> > still choice, and the ego still identifies itself with the act of
        > > choosing, and so this is also perceived as an act of free will.
        > If you lift what you think is a pen, only to discover as you lift that it
        > is a heavy solid brass rod, you will experience effort. More
        > effort than if you knowingly lift two brass rods that are twice the weight.
        > The effort derives from a contradicted assessment of what was entailed.

        The extra effort (rajas) is in waking from the stupor of autopilot
        (tamas), in order to shift the preconceived idea. Glue a coin or
        banknote to the sidewalk and observe what happens. ;-)

        > A
        > powerful, charismatic teacher may influence you so that very little effort
        > is felt in doing anything she or he might say.

        Perhaps he just wakes you up so that you connect more with the senses,
        and maybe replace a habitual thought pattern.

        > But if not, there is no
        > reason to assess the effort as some sort of original force independent of
        > the force each competing desire brings with it. There is simply no
        > evidence of a "special inner power," or faculty of will "exercising a kind
        > of police supervision" over feelings and thoughts. If, for example, I fail
        > to stick to a diet, I might say "'My greed was stronger than I was,'" but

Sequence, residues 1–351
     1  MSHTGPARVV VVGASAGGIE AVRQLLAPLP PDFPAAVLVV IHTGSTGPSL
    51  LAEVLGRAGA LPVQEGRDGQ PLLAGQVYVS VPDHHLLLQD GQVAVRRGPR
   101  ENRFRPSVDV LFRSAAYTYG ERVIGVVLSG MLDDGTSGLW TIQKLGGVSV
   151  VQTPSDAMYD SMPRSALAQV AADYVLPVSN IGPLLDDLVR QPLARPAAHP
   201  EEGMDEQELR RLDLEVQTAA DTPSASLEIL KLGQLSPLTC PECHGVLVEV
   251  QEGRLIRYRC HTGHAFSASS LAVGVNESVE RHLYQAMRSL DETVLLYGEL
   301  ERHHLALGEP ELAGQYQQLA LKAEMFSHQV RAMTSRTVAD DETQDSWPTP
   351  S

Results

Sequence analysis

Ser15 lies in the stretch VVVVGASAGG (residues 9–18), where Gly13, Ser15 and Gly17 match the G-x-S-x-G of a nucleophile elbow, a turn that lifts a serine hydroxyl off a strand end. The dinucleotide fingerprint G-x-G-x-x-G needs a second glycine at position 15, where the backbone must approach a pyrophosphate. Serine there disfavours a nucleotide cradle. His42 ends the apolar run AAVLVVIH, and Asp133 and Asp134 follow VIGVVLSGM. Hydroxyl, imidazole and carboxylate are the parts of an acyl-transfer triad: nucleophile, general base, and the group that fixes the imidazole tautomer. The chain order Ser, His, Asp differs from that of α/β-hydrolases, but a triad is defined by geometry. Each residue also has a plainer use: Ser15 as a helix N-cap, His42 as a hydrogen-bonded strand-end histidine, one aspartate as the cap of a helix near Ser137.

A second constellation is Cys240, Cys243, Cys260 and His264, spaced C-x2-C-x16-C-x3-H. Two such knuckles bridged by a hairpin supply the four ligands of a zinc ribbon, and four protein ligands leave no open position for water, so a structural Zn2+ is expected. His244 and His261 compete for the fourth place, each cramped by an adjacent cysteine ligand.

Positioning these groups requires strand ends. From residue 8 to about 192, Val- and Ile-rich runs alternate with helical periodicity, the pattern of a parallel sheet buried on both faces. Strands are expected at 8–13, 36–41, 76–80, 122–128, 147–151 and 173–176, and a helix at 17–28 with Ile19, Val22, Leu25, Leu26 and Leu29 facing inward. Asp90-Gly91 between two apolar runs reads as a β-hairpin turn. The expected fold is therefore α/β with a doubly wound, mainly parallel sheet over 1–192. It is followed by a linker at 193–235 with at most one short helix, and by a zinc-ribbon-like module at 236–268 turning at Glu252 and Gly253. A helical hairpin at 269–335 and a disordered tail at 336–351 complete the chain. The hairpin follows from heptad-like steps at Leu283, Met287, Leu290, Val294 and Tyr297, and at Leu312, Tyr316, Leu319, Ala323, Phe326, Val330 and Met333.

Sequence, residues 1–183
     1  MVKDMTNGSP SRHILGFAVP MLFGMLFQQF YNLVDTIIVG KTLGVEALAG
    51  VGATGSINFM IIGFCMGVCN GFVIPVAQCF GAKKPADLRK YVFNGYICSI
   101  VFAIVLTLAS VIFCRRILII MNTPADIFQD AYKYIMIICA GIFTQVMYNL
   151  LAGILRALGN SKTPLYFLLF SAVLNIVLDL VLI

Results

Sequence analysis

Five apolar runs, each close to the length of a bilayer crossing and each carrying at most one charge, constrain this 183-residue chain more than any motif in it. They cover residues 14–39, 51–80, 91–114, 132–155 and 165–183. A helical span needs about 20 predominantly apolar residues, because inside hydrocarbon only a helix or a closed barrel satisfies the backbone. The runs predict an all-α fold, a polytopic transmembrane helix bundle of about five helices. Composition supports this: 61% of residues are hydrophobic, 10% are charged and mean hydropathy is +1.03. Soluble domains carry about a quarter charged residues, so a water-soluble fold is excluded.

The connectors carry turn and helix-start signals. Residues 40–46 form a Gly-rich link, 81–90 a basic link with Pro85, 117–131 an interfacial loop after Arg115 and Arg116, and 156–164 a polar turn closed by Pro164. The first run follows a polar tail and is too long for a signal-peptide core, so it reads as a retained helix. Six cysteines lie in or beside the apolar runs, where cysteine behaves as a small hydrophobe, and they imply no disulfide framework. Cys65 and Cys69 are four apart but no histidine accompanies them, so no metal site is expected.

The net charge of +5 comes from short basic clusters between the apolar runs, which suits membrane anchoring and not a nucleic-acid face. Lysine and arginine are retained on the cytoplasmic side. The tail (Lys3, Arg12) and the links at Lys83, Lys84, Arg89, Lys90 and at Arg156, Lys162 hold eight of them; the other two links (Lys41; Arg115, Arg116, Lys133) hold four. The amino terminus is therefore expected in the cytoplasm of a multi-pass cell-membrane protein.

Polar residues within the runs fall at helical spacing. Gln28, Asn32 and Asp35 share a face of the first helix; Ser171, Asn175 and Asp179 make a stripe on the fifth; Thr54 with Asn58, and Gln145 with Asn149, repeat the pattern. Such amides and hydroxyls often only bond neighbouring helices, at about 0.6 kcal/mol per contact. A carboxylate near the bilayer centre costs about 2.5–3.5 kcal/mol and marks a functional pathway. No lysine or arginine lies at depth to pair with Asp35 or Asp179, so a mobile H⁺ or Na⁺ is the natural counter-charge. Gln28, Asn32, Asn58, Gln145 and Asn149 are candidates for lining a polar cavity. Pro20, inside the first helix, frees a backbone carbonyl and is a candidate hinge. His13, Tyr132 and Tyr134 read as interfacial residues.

> all that can be substantiated, as the French psychologist Hubert Benoit
        > notes, is "'My greed was stronger than my wish to be beautiful.'"

        If you accept the force implied in "greed" and "wish", then analyze
        their common qualifier "my". Whatever "I" uses that personal pronoun
        is the "policeman", and appears to choose the greed over the wish.

        > Identification of competing desires with some intermediary will and self
        > is an illusion and trick of speech.

        Oh yes, no doubt about that. Any identification is an illusion.

        > I see no use in perpetuating such an illusion.

        Then don't perpetuate it -- for yourself! On the other hand,
        I see no use in denying such an illusion to others, who may
        yet find it practical and useful.

        Sunrise and sunset are also illusions (relative to the rotating
        earth): you may see no use in perpetuating such illusions; I see
        no use in denying them.

        > But then I am not a teacher.

        Oh yes you are! Everyone is a teacher at all times. You teach
        your values to others by simply living according to your values.
        Most people preach one set of values but actually live according
        to another: there is a rather public example in the US currently.
        Look beyond the individual to his public opinion poll ratings and
        it is clear that the average American values $$$ above morality.
        The tragedy of the situation is that it damns the American nation
        in their *own* eyes.

        Regards, Charles.